A Redemptory Economy
I just decided that might be a good term for what’s been stirring in society. There is a theological meaning for this phrase, but I’m not referring to that (though it has been stirring too, of course). And it doesn’t just refer to making use of things that might be discarded or demolished or recycled. It refers to an attitude that through curiosity, resourcefulness, interest, imagination, and love for the Creation and Creator, we can not only redeem otherwise decaying/discarded objects and buildings, but also the rich connections and experiences, past and present, that their renewal provides. You might imagine a restored pick-up, a tractor, a barn, a downtown building, a house, a lamp, or even a craft. The satisfaction comes even if we’re not the ones doing the work, and the satisfaction is greatest when we’ve also been able to see the un-restored condition. Restoration, with so many meanings, seems to be a nearly universal joy.
This “Redemptory Economy” idea is going to be tricky for me to explain. First, I need to make clear that this is an observation and a sort of proposal about what to call the common thread in the general interest. It’s not about suggesting a plan of action, although I do think it’s a very positive development, because it’s already been happening. As a believer, the words redemption, restoration, renewal, etc. all have deep spiritual meanings. While I obviously acknowledge that the spiritual meanings are the most important, I hesitate to dwell on that parallel here –though I don’t know that I should really. Maybe I just want to avoid attaching a common goal to this idea so people won’t jump to common metaphors along the way. There’s something new going on in our society, since the early 2000’s, and it has to do with repair, restoration, reclaiming, etc. The food movement and general slow movement seem to be a part of the same appetite. Many young and old small-scale farmers are doing “restorative agriculture”. It’s a growing subset of the larger economy, and I believe it’s a very positive development in terms of local economies, stewardship, and even spiritual health (a later post).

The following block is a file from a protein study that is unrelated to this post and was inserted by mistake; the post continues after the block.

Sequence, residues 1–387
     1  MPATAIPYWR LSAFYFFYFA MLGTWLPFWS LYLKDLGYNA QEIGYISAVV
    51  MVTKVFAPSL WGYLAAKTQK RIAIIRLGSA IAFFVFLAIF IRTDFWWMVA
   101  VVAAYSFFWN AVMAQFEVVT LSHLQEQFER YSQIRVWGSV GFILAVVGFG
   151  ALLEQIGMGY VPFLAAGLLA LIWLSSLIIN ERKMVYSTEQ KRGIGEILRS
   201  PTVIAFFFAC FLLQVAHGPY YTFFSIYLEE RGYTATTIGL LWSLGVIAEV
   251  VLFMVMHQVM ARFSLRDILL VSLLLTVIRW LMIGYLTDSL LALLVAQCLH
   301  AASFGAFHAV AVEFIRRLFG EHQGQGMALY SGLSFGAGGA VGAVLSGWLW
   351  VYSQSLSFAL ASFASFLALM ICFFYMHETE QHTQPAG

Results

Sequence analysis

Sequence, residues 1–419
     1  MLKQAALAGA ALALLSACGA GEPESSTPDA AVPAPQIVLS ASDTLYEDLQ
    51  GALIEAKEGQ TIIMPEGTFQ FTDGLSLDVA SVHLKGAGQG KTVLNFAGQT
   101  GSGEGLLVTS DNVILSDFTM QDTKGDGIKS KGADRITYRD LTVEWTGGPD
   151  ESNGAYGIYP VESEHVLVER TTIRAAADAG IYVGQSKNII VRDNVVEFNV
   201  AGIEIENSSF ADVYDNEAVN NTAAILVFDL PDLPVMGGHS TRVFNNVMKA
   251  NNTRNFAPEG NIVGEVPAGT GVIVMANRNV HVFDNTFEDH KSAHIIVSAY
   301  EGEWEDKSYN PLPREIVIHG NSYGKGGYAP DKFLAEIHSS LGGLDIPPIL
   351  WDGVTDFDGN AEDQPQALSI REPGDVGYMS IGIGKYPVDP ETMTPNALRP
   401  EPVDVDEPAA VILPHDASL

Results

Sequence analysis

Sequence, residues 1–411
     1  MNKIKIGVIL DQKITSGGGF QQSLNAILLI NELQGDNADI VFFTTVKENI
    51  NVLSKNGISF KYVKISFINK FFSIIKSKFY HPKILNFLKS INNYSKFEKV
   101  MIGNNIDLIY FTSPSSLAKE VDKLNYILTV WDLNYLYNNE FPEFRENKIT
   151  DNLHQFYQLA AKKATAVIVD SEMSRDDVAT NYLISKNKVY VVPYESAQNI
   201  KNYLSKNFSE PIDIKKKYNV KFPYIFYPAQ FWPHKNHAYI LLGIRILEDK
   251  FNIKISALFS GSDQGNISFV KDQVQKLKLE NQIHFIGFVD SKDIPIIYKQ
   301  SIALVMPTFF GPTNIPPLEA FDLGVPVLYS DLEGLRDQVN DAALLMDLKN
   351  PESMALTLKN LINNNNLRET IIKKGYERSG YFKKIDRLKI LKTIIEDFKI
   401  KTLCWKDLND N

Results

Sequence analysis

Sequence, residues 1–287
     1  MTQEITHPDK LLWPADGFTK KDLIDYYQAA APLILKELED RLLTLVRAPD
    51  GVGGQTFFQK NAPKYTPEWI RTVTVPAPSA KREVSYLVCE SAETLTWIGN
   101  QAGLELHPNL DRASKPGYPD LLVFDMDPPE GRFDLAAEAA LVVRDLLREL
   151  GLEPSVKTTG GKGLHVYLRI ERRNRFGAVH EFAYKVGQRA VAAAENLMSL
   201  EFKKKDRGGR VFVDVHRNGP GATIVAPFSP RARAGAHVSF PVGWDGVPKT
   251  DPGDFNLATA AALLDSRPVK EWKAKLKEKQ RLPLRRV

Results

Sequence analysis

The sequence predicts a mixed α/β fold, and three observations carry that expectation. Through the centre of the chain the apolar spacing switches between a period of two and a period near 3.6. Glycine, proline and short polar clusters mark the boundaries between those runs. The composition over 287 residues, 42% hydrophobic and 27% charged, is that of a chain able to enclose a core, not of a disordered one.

While appreciation for technological advances hasn’t changed, there’s this growing crowd learning and loving all kinds of low-tech crafts and joys. It’s that observation that makes me extend the idea beyond various forms of repair and restoration to include skills and knowledge that had fallen out of common usage. I won’t dwell on the probable origins here, except to say that it’s ironic that the “information age” seems to have brought so many people back to some old ways and crafts. That’s not to say that we’re returning to the past in some way, and I wouldn’t suggest that we should. The next post will be about a place I’d like to create, with the help of some like-minded believers, which could be called a Redemptory Development. I think we have a very good start : ).